The lights went out in New Orleans — a mishap that was symbolic of America’s drop into Second World infrastructure status. If nothing changes, we may be heading to Third World status, perhaps leading to a generation of young people giving up on the future of this country.
One friend, after visiting Korea, said that compared to Seoul, most American cities seem Second World at best.
I had a student in class last year whose dad works for a multinational company — the kid spent much of his childhood in Singapore. He went home there for Christmas and reports that, by comparison, our public infrastructure is simply decrepit.
Other friends just returned from a month in Southeast Asia. Their son has a study-abroad gig in Thailand. First off, their favorite place to visit is Hanoi. They were there during the 40th anniversary of Nixon’s Christmas bombing. Today, it’s a booming place in all the right ways. They loved Hanoi and were well treated. They said Vietnam Airlines is the best they’ve ever flown. Moreover, they had no problem getting on the Internet anywhere they went.
Every year, I have my freshman students read A River Lost, by Blaine Harden. It’s about the Columbia River and the political issues that it has spawned. From the Grand Coulee Dam being built without fish ladders to the controversial Army Corps dams along that river and on the lower Snake. And then there’s the nuclear facility at Hanford. Harden examines all the interest groups that have a stake in what he terms the Columbia River Plumbing Project — the irrigators, the ranchers, the barge operators, the wind surfers, the environmentalists, the sport fisherman and, of course, the tribes. Harden explores the politics of it all.
One thing always stands out to me: No matter the many unintended consequences associated with the dams, I cannot imagine America ever again taking on an audacious project like building a Grand Coulee Dam. And that’s a shame. Indeed, today America can’t even fix its aging airports. Or its bridges. Or its highways. Public transportation has been reduced to an afterthought. (If you ever ride on a bullet train, you’ll know what I mean.)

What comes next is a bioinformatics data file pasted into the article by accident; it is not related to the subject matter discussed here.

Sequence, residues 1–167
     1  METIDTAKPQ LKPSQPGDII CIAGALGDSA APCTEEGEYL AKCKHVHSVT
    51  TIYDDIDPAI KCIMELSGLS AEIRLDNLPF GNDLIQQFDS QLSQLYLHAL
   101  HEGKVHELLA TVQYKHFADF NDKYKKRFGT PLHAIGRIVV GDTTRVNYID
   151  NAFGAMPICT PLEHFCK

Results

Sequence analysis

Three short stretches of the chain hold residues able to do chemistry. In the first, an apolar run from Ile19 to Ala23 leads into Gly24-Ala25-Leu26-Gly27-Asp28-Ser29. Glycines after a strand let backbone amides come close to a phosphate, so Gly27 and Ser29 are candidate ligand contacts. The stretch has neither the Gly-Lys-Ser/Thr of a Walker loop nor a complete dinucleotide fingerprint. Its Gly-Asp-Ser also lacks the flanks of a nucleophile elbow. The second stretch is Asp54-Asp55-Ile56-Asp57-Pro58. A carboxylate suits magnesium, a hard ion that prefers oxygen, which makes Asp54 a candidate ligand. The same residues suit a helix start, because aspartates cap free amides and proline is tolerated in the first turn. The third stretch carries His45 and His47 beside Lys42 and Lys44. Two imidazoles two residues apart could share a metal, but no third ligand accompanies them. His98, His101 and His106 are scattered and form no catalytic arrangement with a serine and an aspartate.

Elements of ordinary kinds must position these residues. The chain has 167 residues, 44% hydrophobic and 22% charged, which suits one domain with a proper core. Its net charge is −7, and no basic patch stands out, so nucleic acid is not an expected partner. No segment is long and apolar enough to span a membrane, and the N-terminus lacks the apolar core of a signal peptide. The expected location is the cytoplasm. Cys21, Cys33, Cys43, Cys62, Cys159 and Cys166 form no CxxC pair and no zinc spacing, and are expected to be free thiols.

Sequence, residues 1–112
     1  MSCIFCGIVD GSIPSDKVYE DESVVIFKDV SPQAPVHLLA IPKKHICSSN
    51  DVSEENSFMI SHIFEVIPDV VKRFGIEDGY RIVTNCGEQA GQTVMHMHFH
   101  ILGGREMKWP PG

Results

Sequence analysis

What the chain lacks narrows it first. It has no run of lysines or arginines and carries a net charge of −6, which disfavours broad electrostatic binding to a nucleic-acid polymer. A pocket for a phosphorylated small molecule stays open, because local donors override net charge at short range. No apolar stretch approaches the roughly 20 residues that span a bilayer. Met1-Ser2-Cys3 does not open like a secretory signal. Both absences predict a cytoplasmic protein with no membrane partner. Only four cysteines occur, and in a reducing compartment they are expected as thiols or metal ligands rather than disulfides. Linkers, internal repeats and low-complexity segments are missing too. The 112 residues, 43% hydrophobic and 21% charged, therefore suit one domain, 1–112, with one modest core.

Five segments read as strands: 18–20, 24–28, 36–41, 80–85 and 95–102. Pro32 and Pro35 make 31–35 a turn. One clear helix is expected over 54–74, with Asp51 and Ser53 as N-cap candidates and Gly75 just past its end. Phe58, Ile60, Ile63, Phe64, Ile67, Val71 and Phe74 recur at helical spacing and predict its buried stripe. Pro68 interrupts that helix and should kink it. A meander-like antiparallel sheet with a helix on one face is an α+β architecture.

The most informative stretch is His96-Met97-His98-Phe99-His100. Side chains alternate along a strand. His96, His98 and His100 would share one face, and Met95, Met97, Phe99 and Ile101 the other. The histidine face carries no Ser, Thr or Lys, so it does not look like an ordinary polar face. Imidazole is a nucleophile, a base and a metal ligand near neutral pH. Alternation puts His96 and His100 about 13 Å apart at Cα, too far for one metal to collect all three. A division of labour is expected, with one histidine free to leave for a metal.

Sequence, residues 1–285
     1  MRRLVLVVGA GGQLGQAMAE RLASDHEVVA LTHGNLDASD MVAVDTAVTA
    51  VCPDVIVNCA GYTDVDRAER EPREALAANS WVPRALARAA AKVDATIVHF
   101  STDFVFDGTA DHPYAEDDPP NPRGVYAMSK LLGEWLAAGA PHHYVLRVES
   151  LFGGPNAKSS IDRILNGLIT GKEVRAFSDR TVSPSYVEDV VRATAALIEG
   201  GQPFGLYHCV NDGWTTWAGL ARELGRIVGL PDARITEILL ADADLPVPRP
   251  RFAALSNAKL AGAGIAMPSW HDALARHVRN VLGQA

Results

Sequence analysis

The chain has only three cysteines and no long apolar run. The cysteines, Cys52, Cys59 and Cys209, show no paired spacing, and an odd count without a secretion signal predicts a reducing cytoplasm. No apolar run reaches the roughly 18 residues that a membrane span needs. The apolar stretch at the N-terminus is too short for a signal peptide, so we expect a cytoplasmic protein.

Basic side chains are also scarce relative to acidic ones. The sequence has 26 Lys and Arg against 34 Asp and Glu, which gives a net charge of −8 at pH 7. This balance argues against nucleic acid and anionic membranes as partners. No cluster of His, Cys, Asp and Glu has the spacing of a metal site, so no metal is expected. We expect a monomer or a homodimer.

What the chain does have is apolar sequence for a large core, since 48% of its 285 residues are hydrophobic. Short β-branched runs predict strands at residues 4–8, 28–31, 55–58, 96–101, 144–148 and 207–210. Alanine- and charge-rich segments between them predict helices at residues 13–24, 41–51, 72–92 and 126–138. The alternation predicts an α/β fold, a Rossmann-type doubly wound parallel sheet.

My point, whether compared to Korea or Singapore or Hanoi, America is now coming off looking, at best, like a Second World nation.
Setting aside infrastructure, America can’t even get health care right. Other countries are spending half what we spend and getting far better results. Or take gun regulation: We can’t pass reasonable gun regulations — and it’s not really all that difficult. (The Biden proposals are all completely reasonable and would help.) Indeed, we can’t even have a serious discussion. This is a no-brainer — or at least it is in countries that can fix airports, that can run great airlines, that have universal health coverage, that are building roads and bridges.
When our friends’ son completes his Thailand gig, he intends to head off with friends either to Australia or New Zealand. Does he have a job offer? No, but he’s sure that he can find something. His dad’s take: “These kids, the bright ones, see themselves as citizens of the world; they have given up on the American government doing anything remotely effective.”
This is our experience, too. Our son is spending more and more time in Canada. I have no doubt that he will make an effort to move there someday.
And why? These kids, those who graduated from college post-2008, have zero confidence in our Congressional leaders. (Especially the Republicans, but also the likes of Harry Reid, who had a chance to fix the filibuster but bailed on the opportunity and in so doing reconfirmed what so many young people had thought all along — that it is one big, corrupt country club.) They look at what other countries just assume that civilized countries do (universal health care, gun control and avoidance of trillions spent on “wars of choice”), and they shake their heads.
America can’t even pull off a Super Bowl, and can’t bring itself to pass even the most modest of gun regulations, and is fighting over how to pay for health care when the solution is obvious. That’s what they see; and that’s why the country risks losing the best and brightest of an entire generation.